Linnaeus University, March 16, 2021

The ongoing pandemic can be an opportunity for the aviation industry to make a transition, by gradually exchanging fossil fuels for synthetic fuels. This is shown by Stefan Gössling, professor of tourism studies at Linnaeus University, through models for future passenger air travel 2022–2050.
“Making these changes in the avian industry would greatly benefit the climate. What is needed is massive political effort to make it possible”, says Gössling.

Covid-19 has led to a dramatic decrease in passenger air travel, which has also resulted in a decrease in carbon dioxide emissions. The reduced demand for passenger air travel brings with it an opportunity for the aviation industry to make a transition, according to the researchers who have looked at different models for what such a transition may look like.

By using data from, for instance, the UN agency ICAO (International Civil Aviation Organization), the researchers have created a model of the aviation industry where the transition is based on a gradual exchange of fossil fuels for synthetic fuels; fuel that is not produced from crude oil.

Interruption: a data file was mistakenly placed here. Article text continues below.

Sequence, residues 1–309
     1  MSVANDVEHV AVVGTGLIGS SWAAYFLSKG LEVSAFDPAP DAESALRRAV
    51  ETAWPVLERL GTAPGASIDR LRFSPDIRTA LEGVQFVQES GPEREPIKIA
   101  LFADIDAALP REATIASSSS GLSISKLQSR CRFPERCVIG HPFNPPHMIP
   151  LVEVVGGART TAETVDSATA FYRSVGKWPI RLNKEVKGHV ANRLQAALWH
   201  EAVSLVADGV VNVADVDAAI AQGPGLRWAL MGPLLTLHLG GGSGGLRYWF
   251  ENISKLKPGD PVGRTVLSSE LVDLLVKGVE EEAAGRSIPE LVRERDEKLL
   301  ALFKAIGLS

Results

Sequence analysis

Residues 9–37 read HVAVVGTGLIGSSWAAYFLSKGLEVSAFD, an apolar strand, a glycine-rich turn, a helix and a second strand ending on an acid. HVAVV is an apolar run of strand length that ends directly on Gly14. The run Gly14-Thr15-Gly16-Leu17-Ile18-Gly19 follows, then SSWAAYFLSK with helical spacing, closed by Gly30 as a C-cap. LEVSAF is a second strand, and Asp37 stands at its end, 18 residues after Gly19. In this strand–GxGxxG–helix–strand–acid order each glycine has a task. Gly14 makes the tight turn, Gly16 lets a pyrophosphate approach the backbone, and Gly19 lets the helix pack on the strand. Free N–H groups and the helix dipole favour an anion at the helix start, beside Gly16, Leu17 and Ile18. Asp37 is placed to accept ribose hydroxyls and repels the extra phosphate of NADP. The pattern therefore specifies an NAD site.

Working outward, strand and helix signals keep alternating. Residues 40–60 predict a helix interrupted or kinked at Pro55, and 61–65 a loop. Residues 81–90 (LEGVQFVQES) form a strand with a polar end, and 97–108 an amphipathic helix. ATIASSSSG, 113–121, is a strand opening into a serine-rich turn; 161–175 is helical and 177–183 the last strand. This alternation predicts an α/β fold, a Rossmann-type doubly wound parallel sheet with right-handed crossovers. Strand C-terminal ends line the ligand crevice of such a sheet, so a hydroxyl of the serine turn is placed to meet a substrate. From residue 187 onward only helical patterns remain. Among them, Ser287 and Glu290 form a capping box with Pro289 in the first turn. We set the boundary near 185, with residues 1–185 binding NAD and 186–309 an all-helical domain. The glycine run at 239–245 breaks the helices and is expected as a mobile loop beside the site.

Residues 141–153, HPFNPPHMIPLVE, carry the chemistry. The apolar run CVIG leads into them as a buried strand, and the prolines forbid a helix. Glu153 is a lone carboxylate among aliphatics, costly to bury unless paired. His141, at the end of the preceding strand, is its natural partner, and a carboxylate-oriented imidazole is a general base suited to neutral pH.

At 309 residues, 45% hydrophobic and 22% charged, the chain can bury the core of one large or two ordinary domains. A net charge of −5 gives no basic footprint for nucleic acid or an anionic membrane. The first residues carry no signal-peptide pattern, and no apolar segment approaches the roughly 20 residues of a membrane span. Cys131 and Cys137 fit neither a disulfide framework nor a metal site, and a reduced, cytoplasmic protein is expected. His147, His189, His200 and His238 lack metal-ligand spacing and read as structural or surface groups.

They have studied what a transition would involve for the aviation industry of the future, what demand will look like in the next thirty years, and how large the emissions will be depending on how quickly the aviation industry makes the transition to carbon-neutral aviation fuel.

The result shows that making this transition is actually possible for the aviation industry. However, a lot of land area would be required to produce synthetic aviation fuel from, for instance, solar cells.

The result also shows that the demand for passenger air travel will continue to increase in the future, even if this increase will be slower, partly due to an increase in ticket fares – estimated to be approximately 35 percent more expensive in the future.

“It is necessary that the aviation industry makes this transition, in order to reduce emissions and to slow down climate change. It is also required in order to meet the goals that many of the world’s countries have set for the future – to be carbon neutral”, Stefan Gössling concludes.

More information

Read the full article in the journal Environmental Research Letters:

COVID-19 and pathways to low-carbon air transport until 2050


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